Soundscape / Noise
Sound - An Essential Park Experience
The sounds guide us to what may seem hidden around us. They tell us a story we should want to know, especially if it belongs to a rattlesnake in our pathway.
A park ranger was doing a training exercise at Mather Point in the Grand Canyon and had his ears muffled. He was looking out into the canyon, feeling the warmth of the sun, enjoying the wonderful view when something caused him to turn around. Two buses, fifty cars and all the associated people filled his vision.
For the previous five minutes he had felt he was alone on the rim of the canyon. He couldn’t get the feeling back, but the lesson had been learned. Sounds or their absence determine what our park experience will be.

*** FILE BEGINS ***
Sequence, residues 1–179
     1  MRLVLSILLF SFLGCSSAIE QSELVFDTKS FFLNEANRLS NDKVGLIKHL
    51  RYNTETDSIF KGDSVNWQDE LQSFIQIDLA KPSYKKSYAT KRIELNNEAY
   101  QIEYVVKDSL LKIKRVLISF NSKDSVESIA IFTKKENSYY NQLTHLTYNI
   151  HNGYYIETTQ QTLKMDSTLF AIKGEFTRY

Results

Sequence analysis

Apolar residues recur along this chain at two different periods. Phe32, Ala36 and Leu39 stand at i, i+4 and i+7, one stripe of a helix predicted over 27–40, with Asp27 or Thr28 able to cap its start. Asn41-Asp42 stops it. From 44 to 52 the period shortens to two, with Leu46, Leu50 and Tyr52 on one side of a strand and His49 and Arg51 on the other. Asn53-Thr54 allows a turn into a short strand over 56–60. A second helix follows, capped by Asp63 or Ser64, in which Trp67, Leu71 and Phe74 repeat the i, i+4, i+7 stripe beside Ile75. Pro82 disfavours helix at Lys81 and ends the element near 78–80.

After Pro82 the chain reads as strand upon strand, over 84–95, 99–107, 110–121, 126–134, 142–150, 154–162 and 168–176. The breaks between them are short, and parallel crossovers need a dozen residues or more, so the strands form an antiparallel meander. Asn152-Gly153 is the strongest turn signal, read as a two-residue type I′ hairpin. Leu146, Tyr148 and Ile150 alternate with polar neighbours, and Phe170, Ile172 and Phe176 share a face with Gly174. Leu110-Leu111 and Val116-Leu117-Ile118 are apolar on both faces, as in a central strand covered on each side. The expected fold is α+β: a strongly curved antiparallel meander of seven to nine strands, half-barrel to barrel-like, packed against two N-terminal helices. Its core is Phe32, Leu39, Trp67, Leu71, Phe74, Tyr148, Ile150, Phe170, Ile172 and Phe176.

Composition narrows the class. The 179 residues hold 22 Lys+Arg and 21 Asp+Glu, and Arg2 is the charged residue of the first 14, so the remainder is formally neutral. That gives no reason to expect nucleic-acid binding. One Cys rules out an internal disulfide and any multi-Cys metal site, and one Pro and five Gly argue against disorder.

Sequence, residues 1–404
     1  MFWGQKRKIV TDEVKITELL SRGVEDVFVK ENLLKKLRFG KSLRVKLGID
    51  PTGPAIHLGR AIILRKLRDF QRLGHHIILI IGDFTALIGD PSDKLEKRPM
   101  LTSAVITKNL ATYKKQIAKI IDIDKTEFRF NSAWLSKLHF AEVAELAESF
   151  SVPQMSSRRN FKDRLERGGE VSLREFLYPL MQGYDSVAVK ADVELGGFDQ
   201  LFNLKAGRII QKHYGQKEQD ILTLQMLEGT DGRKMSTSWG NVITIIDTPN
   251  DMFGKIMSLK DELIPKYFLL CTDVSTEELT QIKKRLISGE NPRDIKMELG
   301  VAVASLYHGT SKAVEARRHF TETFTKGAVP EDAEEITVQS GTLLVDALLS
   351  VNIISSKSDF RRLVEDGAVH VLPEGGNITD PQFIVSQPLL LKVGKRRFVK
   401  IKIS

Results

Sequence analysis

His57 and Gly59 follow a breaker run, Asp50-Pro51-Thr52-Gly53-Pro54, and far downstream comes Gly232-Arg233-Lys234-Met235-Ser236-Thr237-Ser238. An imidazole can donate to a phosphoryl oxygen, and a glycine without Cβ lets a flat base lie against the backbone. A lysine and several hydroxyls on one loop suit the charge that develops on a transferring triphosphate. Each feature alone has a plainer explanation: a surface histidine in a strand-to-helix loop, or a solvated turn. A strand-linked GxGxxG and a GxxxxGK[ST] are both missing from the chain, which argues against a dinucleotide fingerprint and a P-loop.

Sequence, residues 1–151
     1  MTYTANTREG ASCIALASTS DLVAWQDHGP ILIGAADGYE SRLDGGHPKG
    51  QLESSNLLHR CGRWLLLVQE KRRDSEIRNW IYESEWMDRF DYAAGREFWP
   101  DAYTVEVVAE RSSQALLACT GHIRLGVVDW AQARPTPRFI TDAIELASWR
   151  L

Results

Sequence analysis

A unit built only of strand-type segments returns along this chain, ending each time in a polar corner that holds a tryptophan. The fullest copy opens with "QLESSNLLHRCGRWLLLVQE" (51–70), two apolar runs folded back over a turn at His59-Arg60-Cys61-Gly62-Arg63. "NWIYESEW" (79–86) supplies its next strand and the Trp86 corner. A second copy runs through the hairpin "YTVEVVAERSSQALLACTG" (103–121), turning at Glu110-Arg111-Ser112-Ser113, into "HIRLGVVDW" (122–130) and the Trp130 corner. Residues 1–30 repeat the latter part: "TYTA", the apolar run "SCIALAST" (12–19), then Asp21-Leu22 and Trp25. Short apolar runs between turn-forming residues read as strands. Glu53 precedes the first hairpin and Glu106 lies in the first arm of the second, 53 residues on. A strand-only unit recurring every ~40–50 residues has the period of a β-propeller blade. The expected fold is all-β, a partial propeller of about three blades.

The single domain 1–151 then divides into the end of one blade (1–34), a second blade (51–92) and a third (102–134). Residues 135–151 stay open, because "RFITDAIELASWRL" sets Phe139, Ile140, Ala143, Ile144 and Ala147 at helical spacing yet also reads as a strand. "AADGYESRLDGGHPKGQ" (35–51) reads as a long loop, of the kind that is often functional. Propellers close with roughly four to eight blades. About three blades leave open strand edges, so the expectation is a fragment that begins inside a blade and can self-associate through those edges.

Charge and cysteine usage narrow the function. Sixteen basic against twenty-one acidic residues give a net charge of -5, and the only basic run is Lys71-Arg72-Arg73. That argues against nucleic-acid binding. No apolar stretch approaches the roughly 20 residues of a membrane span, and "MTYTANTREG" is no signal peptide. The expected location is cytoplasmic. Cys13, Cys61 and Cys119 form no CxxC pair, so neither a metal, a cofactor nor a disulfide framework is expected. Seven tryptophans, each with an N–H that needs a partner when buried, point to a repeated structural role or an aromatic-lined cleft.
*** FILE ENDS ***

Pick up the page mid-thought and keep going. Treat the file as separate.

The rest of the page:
Flight regulations have given us many skies only intruded by the hawks calling overhead. And there are regulations about making loud and disturbing sounds in inappropriate manners and places in our parks. Sometimes however we just have to let the sound of a passing boat fade away to have our quiet return.
A Heightened Awareness
Many of the intrusive noises we hear in our parks seem to be ones we generate ourselves through the various modes of transportation we use and the radios and other devices we use to be entertained. We need to be aware when the sounds we make, become disruptive noises that are adversely affecting the enjoyable park experience of other visitors.
It is not what we bring with us, but what is intrinsic in our parks that make for memorable park experiences. Maybe on your next visit you will hear bighorn rams battling.
Did You Know?
There are five distinct rock layers exposed in the ridge at Horseshoe Bend. The Sundance Formation contains marine fossils such as gryphaea, belemnites, and crinoid stems. Above the Sundance, the Morrison Formation, of Jurassic age, contains diplodocus and allosaurus dinosaur fossils. More...